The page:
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It’s a good week for wild salmon. @AlexMorton4salmon—represented by @Ecojustice_ca—and the ‘Namgis First Nation are taking the Department of Fisheries and Oceans to court regarding how fish farms handle piscine reovirus. Reports of a peer-reviewed scientific study also came out today, confirming that even “…short exposure to diluted bitumen can be deadly to young salmon.” One more detail conservation needs to focus on when continuing the campaign against Trans Mountain. • And finally, the following list of coastal communities, regions and municipalities just collectively voted to kick Atlantic salmon fish farms out of B.C. waters. Our Federal and Provincial governments may be moving slow on change, but the people of coastal B.C. know they do not want fish farms in the ocean. Thank you to the following communities, Union of BC Municipalities, and Association of Vancouver Island and Coastal Communities for speaking up: 🙏🏼 Campbell River, Colwood, Courtenay, Duncan, Langford, Nanaimo, Parksville, Port Alberni, Powell River, Victoria, Comox, Gibsons, Ladysmith, Lake Cowichan, Port McNeil, Qualicum Beach, Sidney, View Royal, Alert Bay, Cumberland, Gold River, Port Alice, Queen Charlotte, Sayward, Tahsis, Zeballos, Central Saanich, Esquimalt, Highlands, Lantzville, Metchosin, North Cowichan, North Saanich, Oak Bay, Port Hardy, Saanich, Sechelt, Sechelt Indian Government District, Sooke, Tofino, Ucluelet, Alberni-Clayoquot, Capital, Central Coast, Comox Valley, Cowichan Valley, Mount Waddington, Nanaimo, North Coast, qathet, Strathcona, Sunshine Coast, Islands Trust • Click the #WildSalmon link in our bio to learn more, and to send a letter to let our government know we support those who support wild salmon. 🎥: @pacificwild Edit: @lindsaymariestewart #wildsalmonforever #wildsalmon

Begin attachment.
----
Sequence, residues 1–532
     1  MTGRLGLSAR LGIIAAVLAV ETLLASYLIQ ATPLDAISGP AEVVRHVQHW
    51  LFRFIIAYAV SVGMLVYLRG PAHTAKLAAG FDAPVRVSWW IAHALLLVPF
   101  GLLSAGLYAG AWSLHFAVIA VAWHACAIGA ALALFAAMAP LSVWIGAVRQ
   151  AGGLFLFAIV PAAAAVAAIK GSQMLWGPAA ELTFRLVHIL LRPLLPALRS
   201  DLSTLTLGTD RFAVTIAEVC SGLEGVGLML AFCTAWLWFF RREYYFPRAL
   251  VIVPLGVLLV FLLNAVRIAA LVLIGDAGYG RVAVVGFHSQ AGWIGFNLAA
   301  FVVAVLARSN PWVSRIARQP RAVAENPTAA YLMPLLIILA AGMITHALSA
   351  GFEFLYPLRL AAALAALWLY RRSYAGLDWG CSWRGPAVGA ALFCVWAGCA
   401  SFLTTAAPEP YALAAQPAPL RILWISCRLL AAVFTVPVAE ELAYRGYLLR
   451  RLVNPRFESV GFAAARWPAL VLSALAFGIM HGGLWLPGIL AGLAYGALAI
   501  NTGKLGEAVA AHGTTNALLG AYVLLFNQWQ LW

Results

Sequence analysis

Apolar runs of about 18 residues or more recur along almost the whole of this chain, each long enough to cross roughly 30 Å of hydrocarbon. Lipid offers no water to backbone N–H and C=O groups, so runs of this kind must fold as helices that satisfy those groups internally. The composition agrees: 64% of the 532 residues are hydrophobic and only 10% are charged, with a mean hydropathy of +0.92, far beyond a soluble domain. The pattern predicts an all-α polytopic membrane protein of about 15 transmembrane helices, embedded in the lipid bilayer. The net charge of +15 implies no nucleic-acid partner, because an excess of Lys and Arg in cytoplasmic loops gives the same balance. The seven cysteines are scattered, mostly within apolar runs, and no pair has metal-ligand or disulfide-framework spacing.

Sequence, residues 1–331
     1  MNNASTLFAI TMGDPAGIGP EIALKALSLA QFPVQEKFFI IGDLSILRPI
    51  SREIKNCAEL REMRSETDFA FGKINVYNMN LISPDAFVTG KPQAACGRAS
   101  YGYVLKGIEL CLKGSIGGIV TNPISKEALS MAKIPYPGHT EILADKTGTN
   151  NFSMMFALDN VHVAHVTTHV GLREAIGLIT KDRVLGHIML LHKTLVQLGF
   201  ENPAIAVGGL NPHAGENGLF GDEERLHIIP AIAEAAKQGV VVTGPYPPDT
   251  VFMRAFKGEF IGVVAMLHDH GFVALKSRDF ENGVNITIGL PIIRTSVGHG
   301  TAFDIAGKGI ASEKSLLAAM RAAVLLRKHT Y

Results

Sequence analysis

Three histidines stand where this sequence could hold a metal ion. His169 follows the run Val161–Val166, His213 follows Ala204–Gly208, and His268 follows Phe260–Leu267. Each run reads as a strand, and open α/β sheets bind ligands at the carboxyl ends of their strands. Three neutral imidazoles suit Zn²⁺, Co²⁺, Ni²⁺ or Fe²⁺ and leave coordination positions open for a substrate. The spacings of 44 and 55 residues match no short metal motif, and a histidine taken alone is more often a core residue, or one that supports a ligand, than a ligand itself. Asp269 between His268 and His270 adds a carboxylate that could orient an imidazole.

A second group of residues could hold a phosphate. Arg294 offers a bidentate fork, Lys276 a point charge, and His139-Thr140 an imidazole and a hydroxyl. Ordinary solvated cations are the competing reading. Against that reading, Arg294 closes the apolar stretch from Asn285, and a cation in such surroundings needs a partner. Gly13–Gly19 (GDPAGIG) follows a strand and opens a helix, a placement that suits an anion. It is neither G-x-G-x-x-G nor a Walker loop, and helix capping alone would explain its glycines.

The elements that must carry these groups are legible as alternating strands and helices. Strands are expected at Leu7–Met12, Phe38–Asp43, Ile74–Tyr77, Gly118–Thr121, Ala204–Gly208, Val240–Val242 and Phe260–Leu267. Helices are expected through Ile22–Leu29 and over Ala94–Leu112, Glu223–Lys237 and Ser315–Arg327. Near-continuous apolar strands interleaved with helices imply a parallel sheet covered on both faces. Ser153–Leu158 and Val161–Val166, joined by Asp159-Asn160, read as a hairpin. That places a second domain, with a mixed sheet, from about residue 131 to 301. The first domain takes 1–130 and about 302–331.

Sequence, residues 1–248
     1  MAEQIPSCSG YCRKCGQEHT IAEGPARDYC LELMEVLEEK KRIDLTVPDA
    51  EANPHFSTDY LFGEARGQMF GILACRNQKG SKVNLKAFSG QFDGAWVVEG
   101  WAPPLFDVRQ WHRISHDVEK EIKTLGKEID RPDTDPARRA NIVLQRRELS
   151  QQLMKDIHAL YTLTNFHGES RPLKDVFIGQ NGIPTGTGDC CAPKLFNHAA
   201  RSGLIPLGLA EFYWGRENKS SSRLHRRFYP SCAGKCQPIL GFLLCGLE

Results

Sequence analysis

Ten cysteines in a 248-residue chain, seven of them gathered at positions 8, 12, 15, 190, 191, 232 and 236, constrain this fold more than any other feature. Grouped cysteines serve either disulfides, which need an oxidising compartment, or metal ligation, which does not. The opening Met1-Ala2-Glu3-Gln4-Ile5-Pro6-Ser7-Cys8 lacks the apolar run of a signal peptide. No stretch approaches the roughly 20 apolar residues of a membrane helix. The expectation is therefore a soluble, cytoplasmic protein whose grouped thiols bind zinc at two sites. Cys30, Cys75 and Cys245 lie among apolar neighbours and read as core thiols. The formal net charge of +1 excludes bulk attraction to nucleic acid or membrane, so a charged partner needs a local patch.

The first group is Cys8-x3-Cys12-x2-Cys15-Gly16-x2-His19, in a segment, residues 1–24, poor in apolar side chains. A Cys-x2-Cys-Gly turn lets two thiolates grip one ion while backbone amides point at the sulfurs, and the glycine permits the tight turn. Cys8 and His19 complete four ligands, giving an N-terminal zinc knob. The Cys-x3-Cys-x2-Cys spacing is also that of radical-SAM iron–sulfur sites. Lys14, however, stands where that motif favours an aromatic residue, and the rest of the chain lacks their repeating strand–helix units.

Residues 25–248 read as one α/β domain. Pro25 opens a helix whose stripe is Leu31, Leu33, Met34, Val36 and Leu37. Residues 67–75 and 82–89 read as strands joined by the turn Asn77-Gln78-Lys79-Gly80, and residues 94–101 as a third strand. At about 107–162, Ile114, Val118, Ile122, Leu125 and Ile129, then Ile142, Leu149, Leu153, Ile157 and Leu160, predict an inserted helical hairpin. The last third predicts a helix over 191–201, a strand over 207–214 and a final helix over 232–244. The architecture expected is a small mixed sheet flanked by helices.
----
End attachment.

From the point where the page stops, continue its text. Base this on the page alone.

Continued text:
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The Scott Islands have been officially designated a marine National Wildlife Area (mNWA), the first protected marine area established under the Canada Wildlife Act. • The designation went into effect on June 27th, 2018, but was only announced today, in Vancouver, by the Honourable Jonathan Wilkinson, Minister of Fisheries, Oceans and the Canadian Coast Guard. • The 11,540 square-kilometre Scott Islands mNWA—including Triangle Island, featured in the film above—is a major step forward for the protection of nearly two million seabirds, as well as sea otters, sea lions, and killer whales. It’s also a great victory for conservation groups that have been working for better protection for this uniquely productive area for many years. • The Government will also provide funding for the management of the mNWA through Canada’s Natural Legacy fund. From 2018 to 2023, more than $3.2 million will go towards “collaborative management, research, monitoring, and the removal of introduced predators that are harmful to seabirds.” • However, the regulations for the Scott Islands mNWA currently do not prohibit commercial shipping and fishing activities that occur within its boundaries. Seabirds nest in dense colonies on the Scott Islands, and forage up to 100 kilometres away in the productive waters at the edge of the continental shelf. An oil spill incident in this remote area could cause tremendous damage to sensitive populations. This speaks to the need for internationally accepted minimum protection standards for all of Canada's Marine Protected Areas, that prohibit oil and gas exploration, commercial shipping, and include core no-take areas for fisheries. • An additional announcement was made at the same press conference by Shell Canada, which is voluntarily relinquishing oil and gas exploration permits off the coast of British Columbia. The permits in question have been under Federal moratorium since 1972 and have been effectively invalid for 46 years. • Pacific Wild celebrates the creation of the Scott Islands nMWA and will continue to support strong regulations in upcoming management planning. • 🎥: @pacificwild Edit: @lindsaymariestewart #greatbearrainforest